Wireless technology for brain machine implants has emerged as a cutting-edge field of research, with potential to revolutionize the way we interact with technology and augment our cognitive capabilities. The integration of wireless technology with brain-machine interfaces enables bidirectional communication between the brain and external devices, providing a powerful tool for both diagnostic and therapeutic applications. The importance of this technology lies in its potential to improve the quality of life for individuals with neurological disorders, such as Parkinson’s disease, epilepsy, and paralysis. Wireless brain-machine interfaces can provide targeted stimulation to specific brain regions, restoring lost function and improving cognitive performance. Additionally, wireless implants can provide continuous monitoring of brain activity, allowing for early detection and intervention in cases of neurological disorders.

More information on the dedicated page.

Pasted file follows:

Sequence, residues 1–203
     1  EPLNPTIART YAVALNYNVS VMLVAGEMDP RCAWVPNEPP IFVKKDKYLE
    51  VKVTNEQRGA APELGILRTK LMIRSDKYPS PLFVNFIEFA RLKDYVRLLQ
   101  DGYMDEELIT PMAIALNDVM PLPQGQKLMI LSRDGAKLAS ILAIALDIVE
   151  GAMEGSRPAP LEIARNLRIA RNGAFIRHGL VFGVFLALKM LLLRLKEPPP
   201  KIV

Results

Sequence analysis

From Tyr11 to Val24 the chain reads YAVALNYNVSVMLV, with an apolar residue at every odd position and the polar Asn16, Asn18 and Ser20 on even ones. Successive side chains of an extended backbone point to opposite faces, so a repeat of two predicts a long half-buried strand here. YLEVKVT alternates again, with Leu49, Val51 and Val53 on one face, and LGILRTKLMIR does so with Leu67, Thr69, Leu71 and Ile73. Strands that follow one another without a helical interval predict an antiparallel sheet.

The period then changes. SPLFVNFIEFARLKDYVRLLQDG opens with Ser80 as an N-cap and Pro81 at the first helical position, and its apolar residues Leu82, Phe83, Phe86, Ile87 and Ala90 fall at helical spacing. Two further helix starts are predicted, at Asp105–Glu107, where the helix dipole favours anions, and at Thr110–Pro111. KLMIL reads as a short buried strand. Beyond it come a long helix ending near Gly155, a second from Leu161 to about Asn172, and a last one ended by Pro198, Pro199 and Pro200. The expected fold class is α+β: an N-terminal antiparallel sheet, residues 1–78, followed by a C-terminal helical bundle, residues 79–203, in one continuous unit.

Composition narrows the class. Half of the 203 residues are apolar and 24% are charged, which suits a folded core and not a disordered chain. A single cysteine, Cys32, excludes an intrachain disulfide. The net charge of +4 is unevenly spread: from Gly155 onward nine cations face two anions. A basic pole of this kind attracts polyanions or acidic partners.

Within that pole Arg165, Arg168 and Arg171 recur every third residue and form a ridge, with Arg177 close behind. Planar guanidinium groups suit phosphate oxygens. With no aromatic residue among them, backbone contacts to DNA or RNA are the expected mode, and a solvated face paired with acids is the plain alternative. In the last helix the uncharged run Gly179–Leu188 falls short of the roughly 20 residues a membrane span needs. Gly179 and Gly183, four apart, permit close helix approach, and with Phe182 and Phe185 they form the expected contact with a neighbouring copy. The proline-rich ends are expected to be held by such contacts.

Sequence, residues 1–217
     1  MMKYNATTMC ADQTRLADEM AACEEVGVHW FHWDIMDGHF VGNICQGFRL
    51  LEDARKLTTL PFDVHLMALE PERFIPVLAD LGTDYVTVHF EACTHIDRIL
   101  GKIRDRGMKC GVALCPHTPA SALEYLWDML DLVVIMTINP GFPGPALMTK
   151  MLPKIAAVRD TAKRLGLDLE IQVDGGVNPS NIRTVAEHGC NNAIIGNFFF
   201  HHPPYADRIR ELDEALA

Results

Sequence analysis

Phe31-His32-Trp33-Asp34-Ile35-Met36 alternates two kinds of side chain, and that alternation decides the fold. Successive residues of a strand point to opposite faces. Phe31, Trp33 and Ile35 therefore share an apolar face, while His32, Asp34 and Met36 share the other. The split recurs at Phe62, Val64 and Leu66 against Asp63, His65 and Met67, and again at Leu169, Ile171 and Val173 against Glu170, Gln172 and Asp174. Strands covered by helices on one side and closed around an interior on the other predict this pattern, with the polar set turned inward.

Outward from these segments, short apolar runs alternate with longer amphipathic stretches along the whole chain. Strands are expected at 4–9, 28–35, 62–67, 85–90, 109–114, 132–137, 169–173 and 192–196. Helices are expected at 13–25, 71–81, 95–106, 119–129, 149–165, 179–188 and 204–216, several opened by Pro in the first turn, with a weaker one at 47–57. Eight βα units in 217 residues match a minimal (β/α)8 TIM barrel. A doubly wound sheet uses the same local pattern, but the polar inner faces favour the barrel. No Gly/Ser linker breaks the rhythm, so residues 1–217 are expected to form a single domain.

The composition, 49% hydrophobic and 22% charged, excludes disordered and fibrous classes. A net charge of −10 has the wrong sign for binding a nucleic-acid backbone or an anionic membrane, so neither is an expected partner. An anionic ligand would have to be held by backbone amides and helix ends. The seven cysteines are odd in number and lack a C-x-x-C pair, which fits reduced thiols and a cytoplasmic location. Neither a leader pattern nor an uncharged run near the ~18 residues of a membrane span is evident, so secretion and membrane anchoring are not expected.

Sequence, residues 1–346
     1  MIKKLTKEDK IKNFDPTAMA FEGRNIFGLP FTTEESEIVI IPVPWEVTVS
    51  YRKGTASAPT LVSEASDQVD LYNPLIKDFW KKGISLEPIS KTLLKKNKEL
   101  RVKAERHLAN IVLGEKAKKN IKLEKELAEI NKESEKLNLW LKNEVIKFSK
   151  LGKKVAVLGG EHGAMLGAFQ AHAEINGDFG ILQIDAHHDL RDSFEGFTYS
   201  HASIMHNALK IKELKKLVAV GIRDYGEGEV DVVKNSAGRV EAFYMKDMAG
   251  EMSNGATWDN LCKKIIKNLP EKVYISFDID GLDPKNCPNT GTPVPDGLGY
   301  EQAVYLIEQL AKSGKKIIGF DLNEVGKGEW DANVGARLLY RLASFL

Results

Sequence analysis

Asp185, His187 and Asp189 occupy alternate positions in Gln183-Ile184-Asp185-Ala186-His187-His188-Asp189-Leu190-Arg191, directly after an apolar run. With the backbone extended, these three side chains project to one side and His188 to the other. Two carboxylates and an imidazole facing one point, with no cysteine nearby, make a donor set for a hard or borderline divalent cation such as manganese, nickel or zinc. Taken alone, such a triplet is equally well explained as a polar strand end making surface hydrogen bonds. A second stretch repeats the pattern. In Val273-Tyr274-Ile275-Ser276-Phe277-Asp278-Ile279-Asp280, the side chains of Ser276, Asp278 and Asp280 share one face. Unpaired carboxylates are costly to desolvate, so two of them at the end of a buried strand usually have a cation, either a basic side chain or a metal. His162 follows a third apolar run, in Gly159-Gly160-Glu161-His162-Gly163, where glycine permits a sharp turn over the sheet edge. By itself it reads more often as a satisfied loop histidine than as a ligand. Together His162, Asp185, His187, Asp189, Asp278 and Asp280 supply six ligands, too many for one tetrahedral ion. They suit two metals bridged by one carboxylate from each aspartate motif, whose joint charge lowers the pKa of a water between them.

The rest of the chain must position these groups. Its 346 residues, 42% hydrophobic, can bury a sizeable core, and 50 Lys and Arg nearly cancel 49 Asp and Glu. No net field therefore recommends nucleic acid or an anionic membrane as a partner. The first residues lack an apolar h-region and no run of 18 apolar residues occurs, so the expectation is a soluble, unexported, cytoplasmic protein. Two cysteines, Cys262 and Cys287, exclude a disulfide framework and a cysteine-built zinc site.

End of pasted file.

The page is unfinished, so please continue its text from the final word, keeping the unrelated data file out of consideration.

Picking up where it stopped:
WEBINAR 7 on “The artificial substitution of missing hands

The replacement of a missing hand by a prosthesis is one of the most fascinating challenges in rehabilitation engineering. For decades, science and engineering have tried to match the sensory and motor features of the human body, designing limbs aiming at replicating the shape and functionality of the natural counterparts. Building such incredible devices and making them wearable and intuitively controllable by people is the goal of prosthetics research. This talk aims at providing an overview of past and present artificial prosthetic hands developed and at discussing the main design issues.

Webinar summary and speakers bio

Presentation by Dr. Marco Controzzi (Assistant Professor at Scuola Superiore Sant’Anna) and Dr. Francesco Clemente (Managing Director at Prensilia SRL, Affiliate Professional at Scuola Superiore Sant’Anna

WEBINAR 6 on “Artificial Sensors: towards human-like sense of touch by means of neuromorphic approach”

Conventional electronic (e-) skin, as a large-area electronic device for sensing tactile events, comprises a sensor array, which analog signal is readout by serially sampling individual sensors in the array.